Pacing definitely, although I’m not sure about paragraph and sentence length. They come naturally depending on the type of scene you’re writing.

How do you get past the anxiety and worry that others will misjudge your work or that no one will want to read it?
I don’t. It’s always there. That sounds like a glib answer but it’s true, and I know lots and lots of writers and know it’s true for them too. We all call it something different, but it amounts to The Fear. That you’re a fraud and are going to be found out. That your ideas will dry up. That publishers won’t want you anymore. That readers will fall out of love with your work. My own anxiety about my work and writing is always present, and for me it’s a driving force to work more, write better, and to always try to be as good as I can. I’m sure there are writers out there who are totally at ease with their writing and their career, but I have yet to meet them. I know some writers getting seven figure deals who are still plagued with self-doubt. For me it’s something that makes writing quite difficult––it’s WORK, I never find it easy––but it also keeps me on my toes. I think writing that’s any good should be difficult.

If you could write a horror book with any author, living or dead, who would you pick and why?
Good question. My instant answer is Stephen King, because he’s been a source of inspiration and delight since I was in my teens. And of course, the pay check would probably be OK! But if I think about it a bit more I’d have to say Arthur Machen. He was a fascinating character, and his books and stories are wonderful, beautifully written, and compelling. His use of language is bewitching. I could learn a lot from him … and he was born so close to me that his local pub is also one I frequent, from time to time, so we could enjoy a pint together too.


Regarding 30 Days of Night: Are there any additional challenges when writing a book based on a movie that was based on a comic book series? Did you use the comics as additional source material or go in blind with just the movie?
I love books. I always have. But when it comes to my love of horror, definitely films. I follow in my grandfather’s love of the horror film genre.

In your short story Emergence, from the New Fears 2 anthology, was The Tunnel and its atmosphere based on something you’d experienced on one of your own runs?
Yes! I go running on a local mountain called the Blorenge, and halfway up the steep lower face of the hill there’s a brick tunnel exactly like the one described in the story. I’ve probably passed it 30 or 40 times. I have yet to go inside…
In fact I’m about to have another story published based on the same mountain. The story is called Land of Many Seasons and it will appear in This Dreaming Isle.

How would you handle exploring such a forgotten and desolate area?
I love quiet places in the countryside. That’s why I love the Blorenge so much, it’s one of three mountains in my local area but it’s the quiestest, and probably the most remote. I know it pretty well, but if the weather closes in it’s entirely possible to get lost up there. I always make sure I have a phone and water with me. And if I do ever venture into the brick tunnel in the future, I’ll probably take a weapon of some sort too…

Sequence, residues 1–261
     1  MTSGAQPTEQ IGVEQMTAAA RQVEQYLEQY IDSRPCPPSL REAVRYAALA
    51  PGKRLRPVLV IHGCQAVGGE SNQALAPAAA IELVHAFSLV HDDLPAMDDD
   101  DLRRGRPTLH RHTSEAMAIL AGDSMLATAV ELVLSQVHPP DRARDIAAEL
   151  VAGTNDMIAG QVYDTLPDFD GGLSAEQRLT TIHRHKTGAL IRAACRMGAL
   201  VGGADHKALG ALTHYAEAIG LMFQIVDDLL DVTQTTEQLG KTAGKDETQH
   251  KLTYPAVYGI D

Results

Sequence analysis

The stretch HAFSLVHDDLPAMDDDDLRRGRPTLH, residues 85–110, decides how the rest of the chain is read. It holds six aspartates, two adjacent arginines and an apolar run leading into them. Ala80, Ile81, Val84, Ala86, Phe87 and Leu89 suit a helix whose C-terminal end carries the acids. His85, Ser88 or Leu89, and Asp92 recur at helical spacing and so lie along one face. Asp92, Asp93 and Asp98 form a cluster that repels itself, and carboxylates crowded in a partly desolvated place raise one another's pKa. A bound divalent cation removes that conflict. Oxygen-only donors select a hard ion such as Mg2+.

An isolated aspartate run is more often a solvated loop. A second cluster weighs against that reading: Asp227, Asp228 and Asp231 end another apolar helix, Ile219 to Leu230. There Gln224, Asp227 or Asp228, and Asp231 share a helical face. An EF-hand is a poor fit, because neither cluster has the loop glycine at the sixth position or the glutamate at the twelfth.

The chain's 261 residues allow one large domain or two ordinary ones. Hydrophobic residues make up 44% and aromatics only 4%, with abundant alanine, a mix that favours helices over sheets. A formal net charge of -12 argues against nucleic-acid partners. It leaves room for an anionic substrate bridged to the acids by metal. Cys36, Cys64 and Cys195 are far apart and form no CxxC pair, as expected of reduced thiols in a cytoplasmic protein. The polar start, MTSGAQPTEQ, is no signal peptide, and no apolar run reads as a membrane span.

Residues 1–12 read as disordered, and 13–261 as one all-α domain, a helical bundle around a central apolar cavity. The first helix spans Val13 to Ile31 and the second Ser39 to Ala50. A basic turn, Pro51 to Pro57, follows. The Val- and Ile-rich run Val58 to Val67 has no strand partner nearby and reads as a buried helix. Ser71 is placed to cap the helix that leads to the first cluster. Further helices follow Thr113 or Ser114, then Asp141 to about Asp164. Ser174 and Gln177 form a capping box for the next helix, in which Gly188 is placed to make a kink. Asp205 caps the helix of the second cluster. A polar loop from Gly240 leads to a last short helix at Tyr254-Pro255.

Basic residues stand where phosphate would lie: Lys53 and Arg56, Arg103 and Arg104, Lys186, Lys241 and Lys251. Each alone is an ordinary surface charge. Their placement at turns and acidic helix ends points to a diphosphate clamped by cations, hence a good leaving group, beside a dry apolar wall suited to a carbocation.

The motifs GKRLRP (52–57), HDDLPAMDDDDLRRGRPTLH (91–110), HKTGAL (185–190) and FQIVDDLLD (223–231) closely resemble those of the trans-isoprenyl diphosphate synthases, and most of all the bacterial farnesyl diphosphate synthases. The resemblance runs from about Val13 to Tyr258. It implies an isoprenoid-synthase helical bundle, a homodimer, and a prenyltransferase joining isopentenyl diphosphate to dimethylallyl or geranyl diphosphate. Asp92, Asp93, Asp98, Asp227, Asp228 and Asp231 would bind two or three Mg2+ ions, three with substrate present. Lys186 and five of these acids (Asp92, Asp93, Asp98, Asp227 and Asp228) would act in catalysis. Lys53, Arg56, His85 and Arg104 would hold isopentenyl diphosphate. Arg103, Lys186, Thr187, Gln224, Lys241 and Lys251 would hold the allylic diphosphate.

And lastly, how well would you handle knowing you were the cause of Humanities destruction?
Er … strange question. I’d probably sit down and give myself a good talking to.

As you’ve written quite a few movie novelisations, are there any movies you’d love ot write the novelisations of?
My bucket list job was Alien, and I’ve now written four Alien novels. So I’m a happy puppy. I’d like to do one of the Star Wars novelisations, although I’ve written an original Star Wars novel too. I have done quite a bit of tie in work––it’s fun to do, it can expand readership, and in all honestly it’s a payday and I’m a working writer, and sometimes it’s needed!––but I’m hoping to concentrate more on my own work down the line. That’s not to say I won’t do more tie-in work in the future, but there’s nothing in particular I’m itching to do.


Which kind of goes in hand with the fact I’m aiming to watch 31 horror movies in October, which are your favourite?
Jacob’s Ladder, The Thing, The Innocents, The Haunting, Alien, The Omen, The Descent, Blair Witch Project, The Ritual…..

Lastly, I literally just noticed you have a Firefly novel coming out next year! Can you give us any information about that or is it all under wraps?
Yep, I’m working on it right now. Not sure I can say any more than the publishers have already released: The discovery of the location of one of the legendary Ark ships that brought humans from Earth to the ’Verse promises staggering salvage potential, but at what cost? River Tam thinks she might know …


I hope you enjoyed reading this, we had such a great time coming up with the questions and I really enjoyed Tim’s responses. I still have one more left to share with you later on this month too so stay tuned for that.

Thank you so much for reading this! What did you think about Tim’s answers?